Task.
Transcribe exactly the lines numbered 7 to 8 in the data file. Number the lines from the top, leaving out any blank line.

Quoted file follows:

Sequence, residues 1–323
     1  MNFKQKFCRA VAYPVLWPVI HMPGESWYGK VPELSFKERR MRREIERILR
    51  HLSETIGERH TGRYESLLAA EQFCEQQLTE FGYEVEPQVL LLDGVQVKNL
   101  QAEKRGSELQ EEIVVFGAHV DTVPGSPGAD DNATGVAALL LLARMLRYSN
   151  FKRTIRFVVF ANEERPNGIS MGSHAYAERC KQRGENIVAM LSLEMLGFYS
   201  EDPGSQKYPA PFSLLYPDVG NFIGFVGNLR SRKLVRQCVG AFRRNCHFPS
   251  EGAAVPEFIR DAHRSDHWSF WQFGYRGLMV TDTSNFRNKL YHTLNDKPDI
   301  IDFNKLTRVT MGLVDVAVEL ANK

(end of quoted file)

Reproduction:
   251  EGAAVPEFIR DAHRSDHWSF WQFGYRGLMV TDTSNFRNKL YHTLNDKPDI
   301  IDFNKLTRVT MGLVDVAVEL ANK